Did you know that designated quiet time in the classroom yields mental and physical health benefits to both students and teachers?
In fact, a 2015 study showed that just 15 minutes of quiet free time provided to high school students improved their mental health over the course of a school year. Compared to their classmates, students that participated in quiet time had decreased anxiety and increased resilience against stressors. These students also reported that they slept better, had more confidence and felt happier overall.
Quiet time for educators can be as simple as having coffee without any devices or a full meditation routine. Either way, it’s been proven that moments of silence have many health benefits, such as increased focus, cognition and creativity, lower blood pressure, reduced muscle tension and improved communication skills. Teachers can enjoy quiet time at their desks or right alongside their students on lounge seats.
A comfortable couch with wooden tablets let's them sink into a book or get a bit of writing done, for example. Calming classroom rugs adorned with pastel flowers or summer fireflies allow students to sit, lean or lay while they enjoy the silence. Feeling safe and relaxed during quiet time gives the mind a real break, which in turn helps our brains navigate busy schedules and manage multiple tasks without adding undue stress or anxiety.
Building a quiet reading space can be as easy as finding the right classroom reading nook furniture set or creating a classroom reading corner with a theme that encourages creative thought while reading, writing and drawing. For students of any age, surrounding lounge areas with books using standard or curved shelves invites kids to read something new during their quiet time. The child-sized ocean reading cove holds plenty of books and lets students read while they relax on a cushioned mat. Paired with a oceanic rug and a bit of blue or white construction paper, any classroom reading corner can feel like an undersea adventure.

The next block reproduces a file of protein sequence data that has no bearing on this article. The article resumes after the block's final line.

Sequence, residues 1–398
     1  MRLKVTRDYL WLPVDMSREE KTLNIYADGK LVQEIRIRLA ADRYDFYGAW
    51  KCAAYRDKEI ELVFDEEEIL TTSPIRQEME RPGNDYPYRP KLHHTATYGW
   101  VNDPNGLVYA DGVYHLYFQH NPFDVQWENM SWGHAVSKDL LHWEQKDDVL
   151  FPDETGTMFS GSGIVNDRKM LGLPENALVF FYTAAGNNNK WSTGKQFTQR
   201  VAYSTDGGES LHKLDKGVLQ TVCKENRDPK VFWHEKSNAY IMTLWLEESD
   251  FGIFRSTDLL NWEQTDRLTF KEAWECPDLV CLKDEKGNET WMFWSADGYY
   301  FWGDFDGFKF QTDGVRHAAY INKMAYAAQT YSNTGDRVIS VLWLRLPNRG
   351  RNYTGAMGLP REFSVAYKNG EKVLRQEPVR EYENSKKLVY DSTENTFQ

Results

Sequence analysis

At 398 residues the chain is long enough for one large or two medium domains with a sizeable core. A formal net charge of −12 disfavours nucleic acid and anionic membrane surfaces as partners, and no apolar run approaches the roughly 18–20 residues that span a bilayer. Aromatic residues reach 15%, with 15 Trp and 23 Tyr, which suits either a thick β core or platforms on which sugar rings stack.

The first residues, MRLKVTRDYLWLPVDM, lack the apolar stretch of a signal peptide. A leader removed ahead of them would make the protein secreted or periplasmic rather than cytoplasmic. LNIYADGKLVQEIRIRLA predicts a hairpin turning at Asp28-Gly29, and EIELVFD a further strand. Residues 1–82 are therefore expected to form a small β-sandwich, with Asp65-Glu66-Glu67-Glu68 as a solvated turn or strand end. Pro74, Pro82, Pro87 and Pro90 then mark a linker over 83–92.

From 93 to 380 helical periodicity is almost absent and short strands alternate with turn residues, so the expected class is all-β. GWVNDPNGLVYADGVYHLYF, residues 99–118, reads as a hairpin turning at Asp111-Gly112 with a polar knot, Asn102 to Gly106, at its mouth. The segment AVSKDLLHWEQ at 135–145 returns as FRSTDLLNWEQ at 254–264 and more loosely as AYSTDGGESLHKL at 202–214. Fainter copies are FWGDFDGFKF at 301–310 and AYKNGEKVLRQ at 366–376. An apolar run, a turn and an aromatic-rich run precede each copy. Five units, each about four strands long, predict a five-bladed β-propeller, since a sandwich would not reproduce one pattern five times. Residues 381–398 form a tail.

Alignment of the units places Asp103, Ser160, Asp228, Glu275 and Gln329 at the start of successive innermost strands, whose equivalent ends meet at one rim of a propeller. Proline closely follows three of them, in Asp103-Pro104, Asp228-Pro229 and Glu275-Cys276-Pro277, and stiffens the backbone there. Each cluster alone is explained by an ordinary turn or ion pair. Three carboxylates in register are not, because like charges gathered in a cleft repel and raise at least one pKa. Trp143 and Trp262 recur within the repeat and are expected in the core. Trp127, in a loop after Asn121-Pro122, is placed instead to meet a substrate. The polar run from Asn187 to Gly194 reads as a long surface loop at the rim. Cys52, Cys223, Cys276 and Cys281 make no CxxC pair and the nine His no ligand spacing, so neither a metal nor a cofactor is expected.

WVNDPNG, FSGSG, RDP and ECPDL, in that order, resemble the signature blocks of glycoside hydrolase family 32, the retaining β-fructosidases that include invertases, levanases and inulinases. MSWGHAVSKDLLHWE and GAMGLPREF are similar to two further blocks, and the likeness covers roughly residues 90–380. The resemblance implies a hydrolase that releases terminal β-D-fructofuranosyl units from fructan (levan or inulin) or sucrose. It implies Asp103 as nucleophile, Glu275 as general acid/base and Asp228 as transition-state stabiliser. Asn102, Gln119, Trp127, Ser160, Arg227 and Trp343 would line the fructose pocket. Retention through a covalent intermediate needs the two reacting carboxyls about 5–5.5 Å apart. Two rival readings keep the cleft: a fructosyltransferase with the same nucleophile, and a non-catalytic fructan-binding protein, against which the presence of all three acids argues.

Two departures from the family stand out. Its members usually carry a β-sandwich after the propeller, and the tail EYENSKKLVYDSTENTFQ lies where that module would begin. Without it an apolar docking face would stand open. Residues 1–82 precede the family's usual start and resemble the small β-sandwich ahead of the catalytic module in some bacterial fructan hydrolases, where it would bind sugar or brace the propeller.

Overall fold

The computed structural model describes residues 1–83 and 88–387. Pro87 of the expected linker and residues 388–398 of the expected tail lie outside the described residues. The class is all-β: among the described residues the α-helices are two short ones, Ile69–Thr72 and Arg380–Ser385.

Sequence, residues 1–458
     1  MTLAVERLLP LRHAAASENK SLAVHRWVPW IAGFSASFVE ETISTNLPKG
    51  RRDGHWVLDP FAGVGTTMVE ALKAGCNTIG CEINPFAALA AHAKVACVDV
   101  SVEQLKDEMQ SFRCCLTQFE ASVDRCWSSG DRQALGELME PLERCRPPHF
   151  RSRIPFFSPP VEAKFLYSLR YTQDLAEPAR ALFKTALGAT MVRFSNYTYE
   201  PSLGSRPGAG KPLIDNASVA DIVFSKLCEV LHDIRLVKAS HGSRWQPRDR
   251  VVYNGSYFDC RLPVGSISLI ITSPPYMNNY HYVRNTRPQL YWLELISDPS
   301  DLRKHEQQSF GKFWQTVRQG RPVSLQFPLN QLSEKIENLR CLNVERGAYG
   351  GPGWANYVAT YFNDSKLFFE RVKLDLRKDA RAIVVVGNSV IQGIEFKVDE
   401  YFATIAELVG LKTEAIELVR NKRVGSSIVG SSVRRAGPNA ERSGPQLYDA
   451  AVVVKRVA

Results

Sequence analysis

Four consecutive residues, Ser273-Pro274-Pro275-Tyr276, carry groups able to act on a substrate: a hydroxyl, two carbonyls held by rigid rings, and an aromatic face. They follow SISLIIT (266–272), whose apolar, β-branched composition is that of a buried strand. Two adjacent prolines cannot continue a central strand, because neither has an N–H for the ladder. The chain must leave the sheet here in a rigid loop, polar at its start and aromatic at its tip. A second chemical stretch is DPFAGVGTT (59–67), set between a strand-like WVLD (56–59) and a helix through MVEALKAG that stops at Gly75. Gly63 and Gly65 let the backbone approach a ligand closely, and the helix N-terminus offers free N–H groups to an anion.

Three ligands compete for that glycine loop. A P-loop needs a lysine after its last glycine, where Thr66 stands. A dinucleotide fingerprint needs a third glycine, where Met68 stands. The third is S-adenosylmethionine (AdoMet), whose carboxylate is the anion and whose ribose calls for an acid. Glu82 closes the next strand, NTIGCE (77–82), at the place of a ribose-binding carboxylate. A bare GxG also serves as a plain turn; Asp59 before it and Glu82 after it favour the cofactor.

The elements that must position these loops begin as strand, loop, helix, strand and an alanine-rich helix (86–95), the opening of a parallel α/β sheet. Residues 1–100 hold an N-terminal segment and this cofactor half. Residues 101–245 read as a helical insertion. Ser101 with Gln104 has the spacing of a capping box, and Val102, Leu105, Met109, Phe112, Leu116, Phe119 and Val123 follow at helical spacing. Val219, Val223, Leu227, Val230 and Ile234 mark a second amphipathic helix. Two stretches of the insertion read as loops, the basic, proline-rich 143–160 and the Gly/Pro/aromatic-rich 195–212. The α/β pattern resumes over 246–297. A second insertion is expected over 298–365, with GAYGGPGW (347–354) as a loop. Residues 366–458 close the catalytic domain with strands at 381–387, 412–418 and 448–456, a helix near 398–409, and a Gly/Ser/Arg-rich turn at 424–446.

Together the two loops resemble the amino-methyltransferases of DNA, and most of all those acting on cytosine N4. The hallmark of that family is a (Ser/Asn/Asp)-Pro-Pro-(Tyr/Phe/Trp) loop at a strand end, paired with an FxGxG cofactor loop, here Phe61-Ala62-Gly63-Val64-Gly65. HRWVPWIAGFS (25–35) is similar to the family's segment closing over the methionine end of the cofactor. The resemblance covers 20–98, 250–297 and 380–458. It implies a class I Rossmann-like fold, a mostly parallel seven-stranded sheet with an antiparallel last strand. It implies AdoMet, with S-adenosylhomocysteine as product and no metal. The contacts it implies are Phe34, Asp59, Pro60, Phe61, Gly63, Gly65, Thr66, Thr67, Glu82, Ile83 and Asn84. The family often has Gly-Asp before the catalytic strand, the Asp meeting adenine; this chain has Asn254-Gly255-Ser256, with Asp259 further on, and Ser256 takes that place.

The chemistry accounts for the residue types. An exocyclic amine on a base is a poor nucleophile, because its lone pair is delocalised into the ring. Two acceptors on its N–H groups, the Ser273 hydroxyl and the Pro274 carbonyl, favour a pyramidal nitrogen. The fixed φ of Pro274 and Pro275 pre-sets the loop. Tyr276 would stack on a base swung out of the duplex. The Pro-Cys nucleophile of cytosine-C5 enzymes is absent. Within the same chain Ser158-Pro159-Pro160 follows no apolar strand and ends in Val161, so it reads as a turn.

Going outside is another way to use quiet time to recharge students and provide inspiration. Combine mindfulness with a bit of physical activity by taking advantage of school grounds with a class walk or by finding a spot to simply relax on the grass or on indoor-outdoor seating. Absorbing the sights and sounds of nature for a few moments can be an important counterbalance to the world of screens and schedules both kids and adults experience.
Having an effective quiet time means letting go a bit so your brain can relax. Across all ages quiet time can improve focus and allow time for reading, drawing, resting or any other simple and silent activities. Whether it’s leaning against some pillows while drawing on a portable desk or picking up a new story in a classroom reading corner, with just 15 minutes of quiet time educators and students can have lifelong benefits.
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Wendt, S., Hipps, J., Abrams, A. et al. Practicing Transcendental Meditation in High Schools: Relationship to Well-being and Academic Achievement Among Students. Contemp School Psychol 19, 312–319 (2015). https://doi.org/10.1007/s40688-015-0066-6.
“What Is Quiet Time?” Responsive Classroom, 24 Oct. 2017, https://www.responsiveclassroom.org/what-is-quiet-time/.
“An Ode to Silence: Why You Need It in Your Life.” Health Essentials, Cleveland Clinic, 7 Oct. 2020, https://health.clevelandclinic.org/why-you-need-more-silence-in-your-life/.